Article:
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    1. Not that I know of. The only flavouring of tea that I am familiar with is Earl Grey tea, flavoured with oil of bergamot. I’ll take mine straight thanks. I’d have expected anything that was used to flavour tea to have a distinctive smell and taste of its own and while I suspect Camellia sinensis may have a slight scent it’s hard to imagine it adding anything to the flavour of the tea. Then again, what we drink in the UK is black tea, fermented in the production process so stronger tasting than the green tea many other folk prefer.

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      1. I do not understand the allure of green tea. It tastes like burned popcorn. Bergamot is a strong flavor, and, although I rather like it in tea, I sort of wonder how and why someone thought it would be a good idea to flavor tea with it. There are plenty of other flavors available. I never grew bergamot, but another citrus grower in Fremont now grows it. I have seen it in nurseries, and sort of wondered what anyone would do with it.

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      2. Well I just learned something new. Bergamot is what we call Monarda, I think you may call it beebalm. Never having heard of Bergamot Orange, I’d always assumed that bergamot flavour came from a species of Monarda or something close. Now I know better. My education continues.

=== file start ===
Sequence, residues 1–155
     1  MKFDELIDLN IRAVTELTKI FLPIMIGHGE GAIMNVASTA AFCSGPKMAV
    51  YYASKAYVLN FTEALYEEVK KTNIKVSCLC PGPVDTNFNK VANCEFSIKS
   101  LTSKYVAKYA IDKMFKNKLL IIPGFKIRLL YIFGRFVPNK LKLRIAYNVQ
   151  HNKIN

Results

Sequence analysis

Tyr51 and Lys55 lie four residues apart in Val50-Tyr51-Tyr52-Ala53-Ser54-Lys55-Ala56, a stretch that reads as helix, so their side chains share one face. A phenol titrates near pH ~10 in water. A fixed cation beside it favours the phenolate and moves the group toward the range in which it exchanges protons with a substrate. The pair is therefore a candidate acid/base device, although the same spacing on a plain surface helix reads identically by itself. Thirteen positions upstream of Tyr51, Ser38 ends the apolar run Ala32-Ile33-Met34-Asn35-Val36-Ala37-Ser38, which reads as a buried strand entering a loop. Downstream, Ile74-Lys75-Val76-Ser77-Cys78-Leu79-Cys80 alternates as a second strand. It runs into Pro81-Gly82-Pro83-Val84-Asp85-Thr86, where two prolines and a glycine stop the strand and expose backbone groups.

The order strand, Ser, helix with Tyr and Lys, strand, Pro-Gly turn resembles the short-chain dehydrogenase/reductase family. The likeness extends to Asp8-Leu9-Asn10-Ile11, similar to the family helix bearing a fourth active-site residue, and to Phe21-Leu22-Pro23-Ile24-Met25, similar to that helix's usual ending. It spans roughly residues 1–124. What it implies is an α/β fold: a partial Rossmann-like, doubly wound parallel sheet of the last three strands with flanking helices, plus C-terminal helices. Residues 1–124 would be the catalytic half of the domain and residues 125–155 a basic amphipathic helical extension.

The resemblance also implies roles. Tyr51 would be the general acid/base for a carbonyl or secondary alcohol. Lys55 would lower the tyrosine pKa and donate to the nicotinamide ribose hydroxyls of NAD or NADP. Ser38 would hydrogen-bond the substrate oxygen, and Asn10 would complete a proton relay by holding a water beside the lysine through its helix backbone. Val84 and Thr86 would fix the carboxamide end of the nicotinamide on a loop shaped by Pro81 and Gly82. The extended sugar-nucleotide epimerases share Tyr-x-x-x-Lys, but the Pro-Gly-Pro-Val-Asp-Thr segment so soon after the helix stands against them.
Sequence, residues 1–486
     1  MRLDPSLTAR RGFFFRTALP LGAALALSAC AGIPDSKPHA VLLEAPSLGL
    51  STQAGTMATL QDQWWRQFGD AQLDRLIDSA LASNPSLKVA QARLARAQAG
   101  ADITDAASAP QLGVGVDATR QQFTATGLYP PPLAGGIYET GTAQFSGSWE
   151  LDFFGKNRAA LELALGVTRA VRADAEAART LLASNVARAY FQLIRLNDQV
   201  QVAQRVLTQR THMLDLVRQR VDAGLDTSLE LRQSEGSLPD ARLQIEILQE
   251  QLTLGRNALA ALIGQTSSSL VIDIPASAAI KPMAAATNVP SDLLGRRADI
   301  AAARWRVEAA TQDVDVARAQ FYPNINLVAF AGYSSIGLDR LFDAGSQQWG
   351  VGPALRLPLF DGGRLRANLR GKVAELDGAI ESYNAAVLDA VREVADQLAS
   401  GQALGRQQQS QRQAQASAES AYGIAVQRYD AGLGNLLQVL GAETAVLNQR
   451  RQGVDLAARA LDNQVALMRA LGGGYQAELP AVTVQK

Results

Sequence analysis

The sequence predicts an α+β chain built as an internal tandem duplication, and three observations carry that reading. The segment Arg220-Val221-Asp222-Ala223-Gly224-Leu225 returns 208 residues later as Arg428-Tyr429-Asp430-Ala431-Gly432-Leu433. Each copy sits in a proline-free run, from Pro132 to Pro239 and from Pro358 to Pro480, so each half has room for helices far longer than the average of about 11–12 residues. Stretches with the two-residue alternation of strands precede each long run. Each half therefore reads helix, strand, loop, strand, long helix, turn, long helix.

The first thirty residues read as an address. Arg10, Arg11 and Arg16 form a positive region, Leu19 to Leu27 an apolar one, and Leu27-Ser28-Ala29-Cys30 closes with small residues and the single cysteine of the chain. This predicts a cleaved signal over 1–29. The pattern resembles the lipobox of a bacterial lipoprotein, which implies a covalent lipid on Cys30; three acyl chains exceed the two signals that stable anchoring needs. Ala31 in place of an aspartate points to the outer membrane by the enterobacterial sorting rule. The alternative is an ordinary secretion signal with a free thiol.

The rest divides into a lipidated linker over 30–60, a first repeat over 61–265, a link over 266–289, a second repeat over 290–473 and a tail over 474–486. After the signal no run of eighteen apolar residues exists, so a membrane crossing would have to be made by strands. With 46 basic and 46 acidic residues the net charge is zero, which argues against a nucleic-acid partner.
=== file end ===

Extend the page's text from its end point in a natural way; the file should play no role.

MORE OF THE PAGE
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      3. That seemed like a strange name to me. I never met a beebalm that was as pungent as the bergamot orange. I would be more likely to grow the beebalm though. Bergamot orange is rather useless for anything more than tea, and it is not even pretty.

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  3. Very exciting to hear you are going to do an open garden. That’s a project but you have so much variety to show. Wonderful tomatoes, lovely heleniums and congrats with block editor. It’s good to be able to vary the layout. One day I will explore the options more fully….one day.

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    1. I’m excited and apprehensive in equal measure about opening the garden. Variety is what this garden is about, lots to see at almost any time of year. I was quite pleased with how my first proper foray into the block editor, it’s a bit of a case of forgetting the old editor ever existed and work out how to do what you want with this one.